What do Steve Jobs, Aristotle, Harry Truman and Sigmund Freud have in common? They all had meetings while they walked.
This idea is getting a lot of attention as people are focused more on their physical health and may feel long work hours prevent them from getting that 30 minutes or more of doctor recommended exercise every day.
In a recent TED talk, entrepreneur Nilofer Merchant discussed her use of walk and talk meetings. "Fresh air brings fresh thinking," she said, and points out the health problem with the way we work these days: "Sitting has become the smoking of our generation." And if you need more evidence that sitting is evil, check out this infographic.
Ouch! That makes me want to stand up and take a walk! You can watch her full TED talk (less than 4 minutes) below.
Of course another benefit of walking is that it raises your heart rate, so more oxygen reaches your brain. This can lead to having more energy, more focus and improved engagement in the task at hand.
You can also take a walk to grow your business. Nancy Chaconas, Legal Shield Associate and outdoor enthusiast, spearheaded a networking group at our local Chamber of Commerce: Netwalking. Professionals meet at a local park once a month (3rd Friday), take a walk and learn more about each other's businesses.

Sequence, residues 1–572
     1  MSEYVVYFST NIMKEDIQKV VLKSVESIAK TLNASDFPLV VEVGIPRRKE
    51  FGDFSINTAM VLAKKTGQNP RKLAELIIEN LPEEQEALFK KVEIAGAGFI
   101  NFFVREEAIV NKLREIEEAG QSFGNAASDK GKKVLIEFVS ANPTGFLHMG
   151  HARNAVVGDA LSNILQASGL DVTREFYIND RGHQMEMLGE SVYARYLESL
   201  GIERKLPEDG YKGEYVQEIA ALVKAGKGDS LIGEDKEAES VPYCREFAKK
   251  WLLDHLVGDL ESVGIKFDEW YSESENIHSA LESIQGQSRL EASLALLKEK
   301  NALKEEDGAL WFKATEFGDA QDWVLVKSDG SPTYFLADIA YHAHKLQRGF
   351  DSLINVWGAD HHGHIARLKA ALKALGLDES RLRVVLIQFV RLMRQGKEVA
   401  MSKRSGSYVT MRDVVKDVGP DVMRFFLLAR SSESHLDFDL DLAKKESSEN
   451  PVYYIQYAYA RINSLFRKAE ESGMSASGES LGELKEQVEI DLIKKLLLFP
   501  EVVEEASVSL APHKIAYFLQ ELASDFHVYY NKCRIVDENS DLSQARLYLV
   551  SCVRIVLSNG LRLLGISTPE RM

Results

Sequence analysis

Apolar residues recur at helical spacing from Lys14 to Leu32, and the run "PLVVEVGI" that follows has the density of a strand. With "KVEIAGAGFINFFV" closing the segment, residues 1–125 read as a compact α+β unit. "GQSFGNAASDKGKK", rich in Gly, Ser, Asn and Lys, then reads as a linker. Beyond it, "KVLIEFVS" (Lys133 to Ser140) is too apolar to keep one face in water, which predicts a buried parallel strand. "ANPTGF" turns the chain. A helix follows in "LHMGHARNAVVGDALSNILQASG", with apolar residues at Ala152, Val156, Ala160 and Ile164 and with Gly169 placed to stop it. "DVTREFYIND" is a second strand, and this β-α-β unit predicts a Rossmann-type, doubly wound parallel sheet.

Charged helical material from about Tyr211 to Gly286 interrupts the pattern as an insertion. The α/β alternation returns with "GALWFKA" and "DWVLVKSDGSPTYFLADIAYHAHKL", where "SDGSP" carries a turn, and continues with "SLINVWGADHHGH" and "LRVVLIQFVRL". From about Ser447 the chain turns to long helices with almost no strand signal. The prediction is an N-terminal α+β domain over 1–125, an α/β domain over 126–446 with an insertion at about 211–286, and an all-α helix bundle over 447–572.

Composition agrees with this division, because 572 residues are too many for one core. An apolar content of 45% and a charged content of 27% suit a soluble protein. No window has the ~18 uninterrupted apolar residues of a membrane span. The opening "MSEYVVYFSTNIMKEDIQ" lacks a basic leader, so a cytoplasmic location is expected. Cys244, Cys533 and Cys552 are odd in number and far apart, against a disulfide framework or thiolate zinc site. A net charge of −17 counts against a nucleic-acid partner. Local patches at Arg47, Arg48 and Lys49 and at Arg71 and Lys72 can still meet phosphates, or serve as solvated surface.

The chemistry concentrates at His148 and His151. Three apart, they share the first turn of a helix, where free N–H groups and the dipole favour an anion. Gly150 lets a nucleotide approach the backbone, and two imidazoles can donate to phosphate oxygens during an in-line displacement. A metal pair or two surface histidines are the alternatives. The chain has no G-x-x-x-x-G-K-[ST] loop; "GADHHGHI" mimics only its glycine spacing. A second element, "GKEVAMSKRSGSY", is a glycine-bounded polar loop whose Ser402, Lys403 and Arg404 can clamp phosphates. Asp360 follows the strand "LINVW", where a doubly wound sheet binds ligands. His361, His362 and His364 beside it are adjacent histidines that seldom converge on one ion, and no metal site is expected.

Meeting in a more casual environment allows you to get to know people in a more relaxed setting and often at a deeper level than takes place at your standard mixer.
Interested in other ways you can improve your thinking? Listen to a recent radio show I did with Victory Circle's founder Cheri Ruskus on the master mind principle of Accurate Thinking. We talk about the impact that movement and environment can have on your thinking.
Have you ever had a walking meeting? Do you find physical exercise affects the way you think? Share your experiences below.
Gloria M. Miele, Ph.D. is an author, speaker, trainer and executive coach who uses a strengths-based approach to help individuals, groups and organizations achieve their goals and realize their greatest success. Enter your email address above for more great, strengths-based resources to become a stronger leader.